* Open Source Software offers peace of mind. Because the source is open for all to see, those who are programmers can review the software making sure that no malware, spyware or other badware is inserted in the code. This means security, reliability and peace of mind. Trust me, I've installed my fair share of "freeware" and "shareware" back in my Windows days, and it always seemed that there were viruses, malware, or other badware on my system, just as UbuntuCat found. I have yet to receive anything of that nature on Linux using Open Source Software. The software is higher quality, just due to the nature of openness itself.
    * Community support is prevalent. If you have a problem with a piece of software, you have a massive community at your fingertips to help you. This encourages relationships and growth. With proprietary software, I know of no such community. I have to turn to the vendor for support. Also, with Open Source Software, I have choices to use what program best fits my needs and productivity. Take ODF, for example. I can rely on ODF because I can open it and read it in any text editor, keeping me from relying on a certain vendor to open the file for me (DOC, XLS, PPT, etc.). It's just obvious that community is superior to vendor lockin.

    Brainwashed? Close minded? I think you have it all wrong. Try enlightened or uplifted.

  7. Simon | July 19, 2007 at 11:14 am | Permalink

    Thanks for posting this Aaron, it's a very interesting article. I do agree with Michael's assessment about this being the potential Linux killer (at least they'll try). Not sure about this being the Google killer, though. The Google Desktop search tool makes me uneasy since it could do the same thing, and it is worth noting it is not limited to the Windows OS as it runs on Mac and Linux.

  8. Jason | July 19, 2007 at 12:56 pm | Permalink

    @Michael R. Head;

    Ain't gonna happen.
    Not any time soon.

  9. Michael | July 20, 2007 at 9:24 am | Permalink

    A linux-killer? Yeah, I don't think so. Even if Windows were free, would that many people care? Businesses who still operate on MS systems will continue to purchase software to avoid their employees being inundated with ads.

    Some end users will pay to make the continued barrage of advertising (which I'm sure will become increasingly noisy as people further tune them out) get out of their operating system.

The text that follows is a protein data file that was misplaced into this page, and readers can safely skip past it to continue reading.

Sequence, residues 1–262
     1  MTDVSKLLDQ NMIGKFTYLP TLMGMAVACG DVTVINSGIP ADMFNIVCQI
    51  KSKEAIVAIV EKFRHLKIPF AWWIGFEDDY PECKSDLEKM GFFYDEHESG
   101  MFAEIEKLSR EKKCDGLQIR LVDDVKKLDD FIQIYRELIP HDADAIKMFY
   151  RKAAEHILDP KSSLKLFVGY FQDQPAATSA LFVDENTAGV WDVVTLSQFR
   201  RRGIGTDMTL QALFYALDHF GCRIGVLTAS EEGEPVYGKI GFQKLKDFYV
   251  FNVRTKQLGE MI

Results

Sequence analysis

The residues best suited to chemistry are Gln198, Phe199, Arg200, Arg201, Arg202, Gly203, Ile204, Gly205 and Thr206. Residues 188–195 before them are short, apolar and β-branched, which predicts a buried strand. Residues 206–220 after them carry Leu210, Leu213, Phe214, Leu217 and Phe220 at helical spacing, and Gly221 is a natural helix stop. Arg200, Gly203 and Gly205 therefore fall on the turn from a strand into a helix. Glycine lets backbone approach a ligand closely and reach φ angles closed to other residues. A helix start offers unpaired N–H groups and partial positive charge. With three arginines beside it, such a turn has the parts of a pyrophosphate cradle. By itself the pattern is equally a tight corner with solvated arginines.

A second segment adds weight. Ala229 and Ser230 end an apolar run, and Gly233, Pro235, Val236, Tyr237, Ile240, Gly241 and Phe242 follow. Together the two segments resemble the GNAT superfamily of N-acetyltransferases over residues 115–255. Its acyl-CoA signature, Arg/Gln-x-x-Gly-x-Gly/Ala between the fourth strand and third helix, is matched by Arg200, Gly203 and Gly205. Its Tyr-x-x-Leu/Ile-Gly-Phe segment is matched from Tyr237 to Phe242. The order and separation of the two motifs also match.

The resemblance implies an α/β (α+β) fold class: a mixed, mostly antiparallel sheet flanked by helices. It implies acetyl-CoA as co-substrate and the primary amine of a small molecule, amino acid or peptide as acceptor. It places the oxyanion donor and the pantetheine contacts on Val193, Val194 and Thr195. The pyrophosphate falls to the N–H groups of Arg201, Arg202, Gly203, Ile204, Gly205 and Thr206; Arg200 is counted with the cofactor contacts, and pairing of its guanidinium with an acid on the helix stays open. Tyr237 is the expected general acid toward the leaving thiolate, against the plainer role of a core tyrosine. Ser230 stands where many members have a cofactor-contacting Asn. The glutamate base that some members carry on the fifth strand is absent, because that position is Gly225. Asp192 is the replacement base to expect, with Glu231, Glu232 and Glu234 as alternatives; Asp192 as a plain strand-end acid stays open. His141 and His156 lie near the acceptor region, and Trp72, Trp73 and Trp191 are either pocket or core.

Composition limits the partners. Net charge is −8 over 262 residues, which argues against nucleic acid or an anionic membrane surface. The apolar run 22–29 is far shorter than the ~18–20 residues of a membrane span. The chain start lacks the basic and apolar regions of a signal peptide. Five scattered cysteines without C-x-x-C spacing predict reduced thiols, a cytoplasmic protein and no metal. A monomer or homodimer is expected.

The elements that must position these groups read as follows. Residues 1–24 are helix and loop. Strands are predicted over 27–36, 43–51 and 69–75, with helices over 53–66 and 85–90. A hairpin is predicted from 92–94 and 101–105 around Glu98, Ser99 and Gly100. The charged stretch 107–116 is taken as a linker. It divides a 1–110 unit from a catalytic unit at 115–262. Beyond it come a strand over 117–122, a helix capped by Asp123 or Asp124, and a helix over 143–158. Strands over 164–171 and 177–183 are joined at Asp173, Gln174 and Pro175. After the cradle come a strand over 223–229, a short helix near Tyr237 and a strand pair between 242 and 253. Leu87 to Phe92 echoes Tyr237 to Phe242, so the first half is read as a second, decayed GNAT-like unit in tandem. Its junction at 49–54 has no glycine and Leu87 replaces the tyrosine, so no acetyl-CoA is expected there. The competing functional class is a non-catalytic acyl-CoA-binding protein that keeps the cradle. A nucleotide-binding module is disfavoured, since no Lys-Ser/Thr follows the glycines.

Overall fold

Some will install open source operating systems as "the last straw."

    And, some idiots will go, "A FREE OS? ZOMGWTF THAT IS SO C00L IT EVEN SAYS 'WINDOWS'!" not realizing that there are free (beer and speech) OSes.

    @eric - Why does "something useful" need to be done with my files? Even if the information is sent and received anonymously, what if I have scripts to saucy puppet shows (as an example, insert your own adult-themed file contents) stored in a hidden folder? Then my children, upon wanting to surf to something kid-friendly, would be presented with (most likely) advertisements that are decidedly adult. Don't tell me "create different user accounts," because many end users simply don't know how to do that.

    I'm aware that this goes into implementation details, and that "Microsoft would find a way" to prevent unintentional consequences, but how much do outside organizations really need to know about you before you decide it's enough? Like Aaron said, I'm not really alright with my PC churning spare cycles to literally mine my data for ad targeting.

  10. Michael | July 20, 2007 at 9:27 am | Permalink

    Crap. Forgot to close a tag. Apologies for the meta-comment as well.

  11. Aaron | July 20, 2007 at 10:01 am | Permalink

    @Michael- Fixed. I need a preview button, but haven't been able to find anything that I like for WordPress yet.

  12. Kelly | August 3, 2007 at 12:18 am | Permalink

    Helped me lotโ€ฆ thanks for such a informative article

  13. Amy Rose | August 18, 2007 at 2:58 pm | Permalink

    Wow. You have to love the irony though!

    Yet another reason I love Kubuntu. ๐Ÿ™‚

  14. Amy Rose | August 18, 2007 at 3:03 pm | Permalink

    @Michael: Agreed. Windows+ads won't be a Linux-killer for me because I left Windows for safety reasons, not just the fact that Linux is free. ๐Ÿ™‚